It comes after recent research showing that fewer people now think it's possible to address world poverty than at the start of the Make Poverty History campaign. If well-resourced campaigns that have tapped into huge wells of public sympathy find it hard to demonstrate a change in attitudes, it not surprising this kind of campaigning is being challenged.
Critics are wise to be sceptical about grandiose claims that attitudes to any key issue can easily be overturned. Attitudes can be deeply ingrained, and many years' learned behaviour is not easily unstitched by the occasional challenging advert. Pointing at other people's supposed failings can often entrench attitudes, not change them.
Even populist messages need serious money to have resonance and reach. Even where highly popular causes are concerned, both the message and the actions have to be very clear for there to be a sustained impact. It's relatively easy for a campaign to make a splash and raise awareness figures for a couple of weeks, but sustainability is everything in this arena.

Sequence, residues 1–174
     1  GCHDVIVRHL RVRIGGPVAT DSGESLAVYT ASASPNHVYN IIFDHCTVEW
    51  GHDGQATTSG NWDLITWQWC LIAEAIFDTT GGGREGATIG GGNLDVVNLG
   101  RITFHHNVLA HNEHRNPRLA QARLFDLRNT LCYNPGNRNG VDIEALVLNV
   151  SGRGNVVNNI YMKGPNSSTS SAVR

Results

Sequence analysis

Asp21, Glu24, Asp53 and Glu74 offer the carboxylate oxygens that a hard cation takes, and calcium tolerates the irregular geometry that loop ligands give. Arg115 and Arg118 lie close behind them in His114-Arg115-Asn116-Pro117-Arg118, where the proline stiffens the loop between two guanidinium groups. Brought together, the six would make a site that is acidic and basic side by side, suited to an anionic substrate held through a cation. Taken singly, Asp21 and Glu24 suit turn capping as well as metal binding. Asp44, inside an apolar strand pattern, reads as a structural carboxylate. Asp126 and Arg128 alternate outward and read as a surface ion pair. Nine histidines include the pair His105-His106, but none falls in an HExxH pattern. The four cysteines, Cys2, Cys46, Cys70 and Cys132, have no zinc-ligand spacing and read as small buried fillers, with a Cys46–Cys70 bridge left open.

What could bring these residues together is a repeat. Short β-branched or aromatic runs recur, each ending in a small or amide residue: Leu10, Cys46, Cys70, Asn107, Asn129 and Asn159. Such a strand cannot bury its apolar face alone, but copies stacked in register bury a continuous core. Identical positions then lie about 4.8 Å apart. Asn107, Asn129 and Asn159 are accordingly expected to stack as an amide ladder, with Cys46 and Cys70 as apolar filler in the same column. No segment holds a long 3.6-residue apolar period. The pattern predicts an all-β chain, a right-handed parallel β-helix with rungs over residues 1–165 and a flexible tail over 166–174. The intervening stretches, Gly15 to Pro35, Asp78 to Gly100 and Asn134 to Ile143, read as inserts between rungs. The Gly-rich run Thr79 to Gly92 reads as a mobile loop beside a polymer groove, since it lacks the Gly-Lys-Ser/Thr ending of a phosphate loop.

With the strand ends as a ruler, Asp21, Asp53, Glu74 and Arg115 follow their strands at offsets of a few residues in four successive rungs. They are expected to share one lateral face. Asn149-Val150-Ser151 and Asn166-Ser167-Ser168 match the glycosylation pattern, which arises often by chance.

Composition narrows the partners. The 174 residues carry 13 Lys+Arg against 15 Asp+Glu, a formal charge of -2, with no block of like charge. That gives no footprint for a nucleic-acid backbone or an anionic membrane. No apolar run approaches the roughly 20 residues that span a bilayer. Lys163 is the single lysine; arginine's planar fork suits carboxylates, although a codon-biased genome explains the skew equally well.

Campaigns can keep an issue in the public eye and create the pressure for more resources for services. But it is difficult to demonstrate that changed attitudes do lead to changed behaviour - the gold standard for awareness work.
The evidence from Make Poverty History and campaigns on child poverty suggests the more noise there is around an issue, the more people feel it's being fixed. Paradoxically, even if the attitude changes, the level of action diminishes.
So what are the lessons? If you are trying to change behaviour, you have to be in it for the long haul. If you do not have confidence that you will have the funds to do this, don't start. If you do, identify clear mechanisms by which you can monitor change. Identify a clear methodology by which the change in attitude can demonstrably be shown to lead to a change in behaviour. If there is not an established model or means of measurement, the campaign is unlikely to succeed. Set clear success criteria; changing behaviour takes years, but there should be clear milestones.
As charities, we need to be able to demonstrate that by targeting resources in this way we really are changing the world, not just boosting our own profiles.
- Brian Lamb is director of communications and acting chief execuitive of the RNID.